The day has not gone overly smoothly. The first problem was that a rogue p2p wifi network called BTOpenZone that was propagating on Windows laptops and causing problems. This was apparently fixed, but then there was a big bang, skylights in the roof opened, and the rain started coming in. What had happened was the building was struck by lightening, the fire control system was triggered (and partly fried) and the smoke vents opened automatically.

We were okay for a short while, but when a second shower arrived the power needed turning off and we needed to move in to the entrance hall. While here we started to mashup some code. A while later we were able to return, but the wifi started to fail as bits of the hardware died because of the power surge. For reference I have now used BTOpenZone twice and it has failed dramatically both times so I am now calling it BTClosedZone. This lack of connectivity is why, and this might seem a little weird, I did not code server in PHP but wrote a full HTTP server in Pascal. Look, it works, it’s secure, and it was created without the need of an SQL server (that we could not download) or online reference (that we could not access).

Anyway, it has been an interesting day and although nothing has gone to plan the Yahoo and BBC teams (who are running the event) have done a stunning job.

Just a final note for now. While I was writing this the blimp’s tether broke and we needed to retrieve it from the roof of Alexandra palace. Fortunately with two smaller balloon, a length of string and some tape we were able to retrieve it.

I can not log in to your beta

June 14th, 2007

As someone who is interested in web developments I sign up for many beta programmes. I tend to use differing passwords, and many with non alphanumeric characters. It is rather frightening that on many occasions (yes, many) I have not been able to log in because I used these characters and the site creator needed to intervene manually. This is more frightening because I bet most times what I have typed has just been pasted in to an SQL query and is open to SQL injection. This is a personal request to all developers to always escapes special characters when accepting input form the user, and consider using OpenID for authentication.

I have an Upcoming t-shirt

June 14th, 2007

When merged fully in to Yahoo! a number of t-shirts were offered to users. Annoyingly they were only shipped to the US and Canada.

You can not really blame Yahoo as the postage would have been costly to send then from the US, and setting up a distribution in multiple countries would also not been justifiable for such a promotion. Was did annoy me and others was that it was not obvious this was the case until you had entered most of your contact information. I was so annoyed I clicked the send button anyway on the incomplete form and forgot about it. Unexpectedly I received an Upcoming t-shirt in today’s post, so thank you Yahoo, I think I will be showing off at the forthcoming HackDay event.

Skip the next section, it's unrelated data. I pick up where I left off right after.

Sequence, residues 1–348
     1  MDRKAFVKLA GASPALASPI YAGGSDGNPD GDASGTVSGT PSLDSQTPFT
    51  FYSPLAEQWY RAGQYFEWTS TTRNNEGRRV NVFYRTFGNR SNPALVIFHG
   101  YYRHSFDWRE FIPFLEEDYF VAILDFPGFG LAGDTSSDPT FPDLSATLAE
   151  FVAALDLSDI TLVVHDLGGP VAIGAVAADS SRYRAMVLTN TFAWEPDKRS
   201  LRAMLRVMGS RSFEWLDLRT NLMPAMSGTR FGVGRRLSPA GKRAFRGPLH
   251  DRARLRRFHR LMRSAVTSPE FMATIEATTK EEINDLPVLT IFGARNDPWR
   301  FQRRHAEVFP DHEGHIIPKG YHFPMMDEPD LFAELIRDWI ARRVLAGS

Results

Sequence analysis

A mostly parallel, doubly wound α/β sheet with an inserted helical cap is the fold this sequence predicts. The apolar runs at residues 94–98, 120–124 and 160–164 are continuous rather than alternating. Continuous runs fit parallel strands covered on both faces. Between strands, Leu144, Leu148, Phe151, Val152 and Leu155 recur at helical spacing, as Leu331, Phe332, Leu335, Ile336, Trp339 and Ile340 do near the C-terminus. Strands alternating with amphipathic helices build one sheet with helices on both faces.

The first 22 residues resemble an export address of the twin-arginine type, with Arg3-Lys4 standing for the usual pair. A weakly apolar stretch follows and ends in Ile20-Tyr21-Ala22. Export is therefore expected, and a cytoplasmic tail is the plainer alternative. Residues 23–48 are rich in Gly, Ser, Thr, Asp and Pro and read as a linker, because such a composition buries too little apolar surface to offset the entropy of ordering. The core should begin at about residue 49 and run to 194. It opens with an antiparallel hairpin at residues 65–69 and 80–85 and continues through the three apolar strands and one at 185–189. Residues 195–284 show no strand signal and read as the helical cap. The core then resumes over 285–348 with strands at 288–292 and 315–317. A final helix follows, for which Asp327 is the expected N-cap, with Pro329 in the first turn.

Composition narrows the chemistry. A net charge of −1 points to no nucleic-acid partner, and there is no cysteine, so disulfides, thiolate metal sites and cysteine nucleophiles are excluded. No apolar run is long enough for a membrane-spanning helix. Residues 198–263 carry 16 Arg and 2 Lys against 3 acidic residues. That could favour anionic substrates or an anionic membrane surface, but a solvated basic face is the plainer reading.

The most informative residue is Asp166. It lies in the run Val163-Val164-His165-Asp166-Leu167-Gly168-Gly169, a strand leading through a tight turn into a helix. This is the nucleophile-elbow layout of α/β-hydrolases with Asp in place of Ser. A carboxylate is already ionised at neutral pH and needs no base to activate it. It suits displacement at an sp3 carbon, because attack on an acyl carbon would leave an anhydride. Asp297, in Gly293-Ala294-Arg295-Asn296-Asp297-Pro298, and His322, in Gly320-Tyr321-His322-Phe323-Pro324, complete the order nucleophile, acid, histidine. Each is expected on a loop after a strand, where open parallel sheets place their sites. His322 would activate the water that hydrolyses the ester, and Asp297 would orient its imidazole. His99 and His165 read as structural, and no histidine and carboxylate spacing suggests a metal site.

NE1fm is on air

June 13th, 2007

It has taken about seven years to get here, but our new community radio station NE1fm finally launched on Friday 8th June 2007 broadcasting on 102.5 FM.

The whole story about how we got here is long and complicated so I will save you from that story for now.

On day two and three we broadcast live from the Newcastle Green Festival bringing live music and the capturing the whole atmosphere.

Currently we are broadcasting live on week nights between 7 and 11, and will be expanding the schedule over the next six weeks. Why not tune in now and then and you might find something you like.

Goodbye 123 Reg

June 7th, 2007

If you have read my blog for a while you will know that I have had the odd problem with 123 Reg over time.

Well, today one of the domains has been returning partial record to several ISPs (again) and email is being bounced at a time when we really could do without the hassle. I have already moved the critical domain hosting to another server, but with this continuing to happen I will be moving all of my domains and the companies domains to another supplier over the next few weeks.

Google developer day 2007 (3)

June 1st, 2007

It is now the morning after the night before and I am finishing off some work before the weekend.

After the US keynote we headed across to a local drinking establishment. The bit I liked best was the large sign in front of the place that was shaped like a Google Maps waypoint marker. It just tickled my sense of hummer.

The drinks and the food kept on coming with a free bar until late. I was pleased that I was not the only one who was disappointed that there was no real ail, but you can’t have everything, and what we did have was great.

It was here that I managed to have a chat with a lot of other people from the day and exchange ideas, views and put forward alternative perspectives. This interaction is the real reason why I go to most events and somehow had not had the opportunity to mingle as much as I would have liked in the day.

I did manage to grab a word with Chris DiBona about his podcast (FLOSS Annually ;-) ) and am please to report it is not dead, it is just waiting for a little spare time.

One final note is that I will hopefully see most of you I chatted with at Hack Day in a couple of weeks time, and if you are not attending then I am certain our paths will cross again so please say hello.

So in summery it was a great will run event and I thank everyone involved in making it so. Also as special thank you (as they appear to have been forgotten) to the staff at the venue and the bar who was extra organised, helpful and extremely polite.